Role of tumor necrosis factor inhibitor in granulomatous interstitial nephritis secondary to Crohn’s disease
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- Saha, M.K., Tarek, H., Sagar, V. et al. Int Urol Nephrol (2014) 46: 229. doi:10.1007/s11255-012-0362-2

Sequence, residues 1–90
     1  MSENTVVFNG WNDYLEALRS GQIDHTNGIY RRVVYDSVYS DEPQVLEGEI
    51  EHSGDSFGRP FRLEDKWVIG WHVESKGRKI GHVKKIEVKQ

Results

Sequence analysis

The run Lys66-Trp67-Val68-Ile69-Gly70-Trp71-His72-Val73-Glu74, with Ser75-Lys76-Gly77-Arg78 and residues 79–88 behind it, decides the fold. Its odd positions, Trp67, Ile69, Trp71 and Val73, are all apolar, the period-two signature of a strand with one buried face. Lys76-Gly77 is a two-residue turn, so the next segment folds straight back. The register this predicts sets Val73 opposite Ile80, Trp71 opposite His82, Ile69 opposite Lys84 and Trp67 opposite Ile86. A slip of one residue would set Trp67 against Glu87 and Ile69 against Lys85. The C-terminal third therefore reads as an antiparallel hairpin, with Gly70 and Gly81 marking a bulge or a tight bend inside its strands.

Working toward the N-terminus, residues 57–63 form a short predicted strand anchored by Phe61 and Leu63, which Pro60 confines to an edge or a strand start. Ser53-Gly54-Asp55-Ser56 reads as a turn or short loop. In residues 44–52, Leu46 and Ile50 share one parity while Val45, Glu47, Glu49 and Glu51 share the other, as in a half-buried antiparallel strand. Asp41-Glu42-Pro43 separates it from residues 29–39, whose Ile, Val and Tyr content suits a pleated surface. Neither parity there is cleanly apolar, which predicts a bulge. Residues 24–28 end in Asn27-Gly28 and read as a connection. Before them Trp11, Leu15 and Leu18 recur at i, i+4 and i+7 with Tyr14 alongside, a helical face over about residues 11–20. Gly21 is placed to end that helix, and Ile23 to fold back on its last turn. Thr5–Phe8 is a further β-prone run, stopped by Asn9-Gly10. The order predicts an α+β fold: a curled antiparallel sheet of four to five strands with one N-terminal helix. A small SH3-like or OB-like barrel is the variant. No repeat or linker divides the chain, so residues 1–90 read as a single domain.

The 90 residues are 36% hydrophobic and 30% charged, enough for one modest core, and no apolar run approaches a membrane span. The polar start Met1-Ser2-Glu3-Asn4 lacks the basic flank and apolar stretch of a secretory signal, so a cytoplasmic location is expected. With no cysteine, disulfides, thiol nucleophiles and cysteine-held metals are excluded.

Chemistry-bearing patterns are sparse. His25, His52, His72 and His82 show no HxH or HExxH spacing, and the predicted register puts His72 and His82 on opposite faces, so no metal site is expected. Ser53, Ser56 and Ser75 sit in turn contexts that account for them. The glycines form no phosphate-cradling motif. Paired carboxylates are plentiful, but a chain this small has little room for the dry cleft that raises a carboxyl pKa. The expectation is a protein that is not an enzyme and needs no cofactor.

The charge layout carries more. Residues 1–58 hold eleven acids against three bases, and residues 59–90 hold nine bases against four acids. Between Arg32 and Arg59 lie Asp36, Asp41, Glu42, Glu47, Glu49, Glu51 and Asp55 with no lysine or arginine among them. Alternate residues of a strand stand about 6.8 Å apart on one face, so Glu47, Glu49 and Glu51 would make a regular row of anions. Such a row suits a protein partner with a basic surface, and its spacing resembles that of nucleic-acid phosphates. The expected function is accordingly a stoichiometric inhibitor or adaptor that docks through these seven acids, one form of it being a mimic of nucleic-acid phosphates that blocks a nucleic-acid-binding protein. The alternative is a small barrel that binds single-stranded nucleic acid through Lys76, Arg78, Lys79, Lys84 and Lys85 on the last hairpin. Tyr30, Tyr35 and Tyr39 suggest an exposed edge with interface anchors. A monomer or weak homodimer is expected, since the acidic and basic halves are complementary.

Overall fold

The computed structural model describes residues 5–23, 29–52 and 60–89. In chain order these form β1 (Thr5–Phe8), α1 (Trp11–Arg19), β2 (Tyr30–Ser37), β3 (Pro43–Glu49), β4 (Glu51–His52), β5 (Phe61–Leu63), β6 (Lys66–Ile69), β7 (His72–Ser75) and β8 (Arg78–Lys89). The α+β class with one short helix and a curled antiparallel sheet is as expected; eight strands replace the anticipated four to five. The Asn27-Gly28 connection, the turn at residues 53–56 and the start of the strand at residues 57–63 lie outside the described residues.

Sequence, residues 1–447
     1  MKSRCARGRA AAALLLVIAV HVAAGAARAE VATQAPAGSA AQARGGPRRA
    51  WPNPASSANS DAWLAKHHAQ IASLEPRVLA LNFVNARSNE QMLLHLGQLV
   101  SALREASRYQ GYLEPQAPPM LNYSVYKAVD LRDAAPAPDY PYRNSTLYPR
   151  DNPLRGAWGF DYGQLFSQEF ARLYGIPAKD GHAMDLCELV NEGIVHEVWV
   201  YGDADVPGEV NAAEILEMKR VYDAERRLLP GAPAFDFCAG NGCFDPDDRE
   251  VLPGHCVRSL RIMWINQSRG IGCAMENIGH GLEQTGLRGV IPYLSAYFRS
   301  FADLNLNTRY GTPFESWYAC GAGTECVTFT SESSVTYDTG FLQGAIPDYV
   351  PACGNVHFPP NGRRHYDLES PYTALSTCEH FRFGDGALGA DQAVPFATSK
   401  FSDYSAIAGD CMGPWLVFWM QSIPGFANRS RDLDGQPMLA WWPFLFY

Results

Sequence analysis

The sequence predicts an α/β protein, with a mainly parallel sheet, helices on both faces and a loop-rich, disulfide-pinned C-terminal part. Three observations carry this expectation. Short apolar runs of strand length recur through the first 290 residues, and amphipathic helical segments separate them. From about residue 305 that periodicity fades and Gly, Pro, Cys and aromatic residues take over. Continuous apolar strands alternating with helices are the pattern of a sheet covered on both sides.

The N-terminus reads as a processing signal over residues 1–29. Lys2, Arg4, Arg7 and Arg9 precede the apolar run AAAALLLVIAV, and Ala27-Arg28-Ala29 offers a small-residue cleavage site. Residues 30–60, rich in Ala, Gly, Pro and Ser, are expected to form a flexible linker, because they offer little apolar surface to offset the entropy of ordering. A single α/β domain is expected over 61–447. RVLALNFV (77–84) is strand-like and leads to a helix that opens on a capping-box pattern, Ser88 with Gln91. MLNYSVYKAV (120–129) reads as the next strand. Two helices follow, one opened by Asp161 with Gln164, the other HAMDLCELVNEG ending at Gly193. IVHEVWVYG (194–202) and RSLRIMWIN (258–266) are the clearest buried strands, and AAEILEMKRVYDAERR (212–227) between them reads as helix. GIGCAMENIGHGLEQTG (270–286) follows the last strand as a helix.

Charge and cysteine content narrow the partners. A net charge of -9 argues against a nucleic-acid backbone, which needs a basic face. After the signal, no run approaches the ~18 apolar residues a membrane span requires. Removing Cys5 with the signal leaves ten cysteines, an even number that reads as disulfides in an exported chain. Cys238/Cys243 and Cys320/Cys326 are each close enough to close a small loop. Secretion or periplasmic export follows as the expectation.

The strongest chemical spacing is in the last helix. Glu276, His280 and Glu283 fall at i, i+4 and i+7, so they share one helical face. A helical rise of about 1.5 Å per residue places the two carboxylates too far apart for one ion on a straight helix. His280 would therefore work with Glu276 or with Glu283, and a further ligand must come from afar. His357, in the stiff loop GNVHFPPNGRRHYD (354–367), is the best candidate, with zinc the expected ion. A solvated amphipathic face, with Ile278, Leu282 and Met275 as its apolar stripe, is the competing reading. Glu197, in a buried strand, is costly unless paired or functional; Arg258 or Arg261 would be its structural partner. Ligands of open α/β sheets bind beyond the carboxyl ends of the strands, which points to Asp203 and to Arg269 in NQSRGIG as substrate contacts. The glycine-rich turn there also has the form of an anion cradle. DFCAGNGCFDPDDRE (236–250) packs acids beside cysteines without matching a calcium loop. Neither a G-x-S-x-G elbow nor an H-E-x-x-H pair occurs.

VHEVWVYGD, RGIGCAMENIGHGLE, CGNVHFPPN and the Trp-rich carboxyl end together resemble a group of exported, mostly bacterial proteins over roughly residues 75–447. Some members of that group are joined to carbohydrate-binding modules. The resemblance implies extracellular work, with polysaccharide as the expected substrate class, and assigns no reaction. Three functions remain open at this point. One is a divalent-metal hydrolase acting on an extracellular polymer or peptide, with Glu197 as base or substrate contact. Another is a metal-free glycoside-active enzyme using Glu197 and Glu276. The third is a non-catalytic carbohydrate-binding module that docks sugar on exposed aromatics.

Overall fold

A 17-year-old male with attention deficit hyperactivity disorder was admitted to the hospital with generalized weakness. Vital signs and physical examination were normal. Laboratory data were notable for a creatinine of 4.5 mg/dL (baseline 0.6 mg/dL), estimated glomerular filtration rate of 18 ml/min/1.73 m² and hemoglobin 10 g/dL. Urinalysis revealed only 30 mg/dL protein. Serology for autoimmune workup was negative. Renal ultrasound was normal. Kidney biopsy showed noncaseating granulomas and acute on chronic tubulointerstitial nephritis (TIN) with lymphocytes, macrophages, plasma cells and no eosinophils. Acid fast bacilli and Grocott’s methenamine silver stains were negative. Granulomatous interstitial nephritis (GIN) was diagnosed. Prednisone at 60 mg/day was started and tapered. He was then noted to have diarrhea. Colonoscopy showed active enteritis with granulomatous inflammation consistent with Crohn’s disease (CD). Azathioprine was started but due to worsening renal function and diarrhea, it was discontinued. He did not tolerate continued higher doses of prednisone because of mood swings and cushingoid features. Infliximab was initiated with improvement in renal function. There was rapid worsening of renal function when infliximab therapy was interrupted but improved when both prednisone and inflixamb were reinitiated.